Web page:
Temporomandibular disorders (TMD) account for more than 30 disorders that can cause pain and dysfunction in the joint and the muscles that help with jaw movement. Just as there are many different disorders, there are also various treatment options for TMD. One is Botox. Let’s take a closer look at Botox for treatment of TMD pain and discomfort.

What are the categories and symptoms?

To begin, it is important to note that there are three main categories to TMD. Those include:

  • Disorders of the joints, including disk disorders.
  • Disorders of the muscles used in chewing.
  • Headaches associated with TMD.

Now for symptoms. With our patients, the symptoms of TMD will vary, which can add to the difficulty of diagnosis and treatment planning. Some symptoms include:

  • Pain in the jaw or the muscles used for chewing.
  • Pain that spreads to the face or neck.
  • Jaw stiffness.
  • Locking the jaw or impaired movement.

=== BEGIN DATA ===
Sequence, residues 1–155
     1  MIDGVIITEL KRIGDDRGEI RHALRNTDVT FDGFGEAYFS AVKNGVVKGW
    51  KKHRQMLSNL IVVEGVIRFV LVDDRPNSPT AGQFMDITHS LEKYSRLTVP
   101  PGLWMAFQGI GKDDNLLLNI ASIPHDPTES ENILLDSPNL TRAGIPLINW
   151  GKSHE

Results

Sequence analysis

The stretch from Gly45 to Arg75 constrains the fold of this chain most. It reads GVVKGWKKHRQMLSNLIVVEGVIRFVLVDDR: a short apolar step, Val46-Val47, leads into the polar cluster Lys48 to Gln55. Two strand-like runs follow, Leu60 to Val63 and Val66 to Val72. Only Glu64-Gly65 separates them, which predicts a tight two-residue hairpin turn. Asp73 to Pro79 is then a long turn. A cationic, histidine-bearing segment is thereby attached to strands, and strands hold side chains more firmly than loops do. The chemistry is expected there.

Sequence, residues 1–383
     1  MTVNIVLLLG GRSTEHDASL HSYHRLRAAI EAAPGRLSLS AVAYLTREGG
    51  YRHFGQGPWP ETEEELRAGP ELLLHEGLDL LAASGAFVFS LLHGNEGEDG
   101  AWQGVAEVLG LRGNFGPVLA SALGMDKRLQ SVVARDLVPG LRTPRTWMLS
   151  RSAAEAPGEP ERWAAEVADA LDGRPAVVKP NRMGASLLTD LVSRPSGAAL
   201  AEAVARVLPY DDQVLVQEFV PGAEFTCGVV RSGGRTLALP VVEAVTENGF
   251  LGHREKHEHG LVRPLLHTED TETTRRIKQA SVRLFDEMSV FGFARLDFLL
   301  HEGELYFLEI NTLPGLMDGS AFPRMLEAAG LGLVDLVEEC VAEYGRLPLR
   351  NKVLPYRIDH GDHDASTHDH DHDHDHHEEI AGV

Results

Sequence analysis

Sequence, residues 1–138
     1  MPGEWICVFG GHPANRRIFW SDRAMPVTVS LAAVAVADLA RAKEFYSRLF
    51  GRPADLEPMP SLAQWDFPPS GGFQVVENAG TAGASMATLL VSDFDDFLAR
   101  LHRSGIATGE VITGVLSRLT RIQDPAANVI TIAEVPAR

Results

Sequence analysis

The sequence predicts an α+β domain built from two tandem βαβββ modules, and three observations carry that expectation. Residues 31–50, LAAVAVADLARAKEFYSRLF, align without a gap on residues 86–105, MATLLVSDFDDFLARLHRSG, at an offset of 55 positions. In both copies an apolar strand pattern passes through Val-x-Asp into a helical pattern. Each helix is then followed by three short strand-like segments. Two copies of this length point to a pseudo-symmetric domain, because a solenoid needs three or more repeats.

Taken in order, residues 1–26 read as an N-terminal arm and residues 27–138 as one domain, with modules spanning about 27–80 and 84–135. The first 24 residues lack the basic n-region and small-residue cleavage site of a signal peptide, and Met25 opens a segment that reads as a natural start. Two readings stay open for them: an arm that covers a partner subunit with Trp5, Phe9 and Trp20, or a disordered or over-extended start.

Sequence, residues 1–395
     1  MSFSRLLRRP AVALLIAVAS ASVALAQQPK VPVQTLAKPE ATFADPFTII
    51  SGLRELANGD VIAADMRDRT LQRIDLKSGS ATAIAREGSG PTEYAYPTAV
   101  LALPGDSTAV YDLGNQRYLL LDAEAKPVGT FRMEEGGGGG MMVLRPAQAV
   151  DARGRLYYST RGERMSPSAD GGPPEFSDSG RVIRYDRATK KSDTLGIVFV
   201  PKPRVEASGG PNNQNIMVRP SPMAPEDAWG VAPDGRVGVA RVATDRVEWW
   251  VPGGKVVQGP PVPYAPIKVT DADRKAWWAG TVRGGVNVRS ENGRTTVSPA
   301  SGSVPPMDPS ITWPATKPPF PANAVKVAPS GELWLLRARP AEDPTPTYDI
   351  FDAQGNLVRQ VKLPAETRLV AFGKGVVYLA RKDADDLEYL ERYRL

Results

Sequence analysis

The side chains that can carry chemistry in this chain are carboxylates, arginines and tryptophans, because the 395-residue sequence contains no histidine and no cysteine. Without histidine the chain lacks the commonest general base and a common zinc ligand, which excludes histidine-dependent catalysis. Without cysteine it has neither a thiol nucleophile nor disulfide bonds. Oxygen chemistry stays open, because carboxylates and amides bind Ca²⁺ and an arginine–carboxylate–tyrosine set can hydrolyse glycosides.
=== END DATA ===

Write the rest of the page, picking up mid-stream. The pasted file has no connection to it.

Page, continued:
• Painful clicking or popping in the jaw when opening or closing your mouth. 
  • Ringing in the ears.
  • Dizziness.
  • Hearing loss. 
  • Change in the alignment of their teeth.

Genetics, life events, emotional stressors and pain all play a role in TMD, so pay attention and dive deeper into what your patients are saying.

What are the benefits and risks of Botox?

By using Botox for TMD pain and discomfort, it can help to temporarily reduce jaw tension and can ease pain or other symptoms of TMD. Botox can also improve jaw movement and the ability to chew. But it is important to let your patients know that Botox is not a cure for TMD. This will need to be an ongoing procedure they receive.

It’s important to note that Botox for TMD is not yet approved by the U.S. Food and Drug Administration (FDA). With that, it is considered an alternative treatment. Since Botox is administered by injection, side effects around the injection site may include:

  • Redness.
  • Some swelling. 
  • Discomfort at the injection site.
  • Muscle weakness.
  • Some bruising around the injection site.

Botox is not for every patient, so it is important to better understand this treatment option and how to administer before recommendation.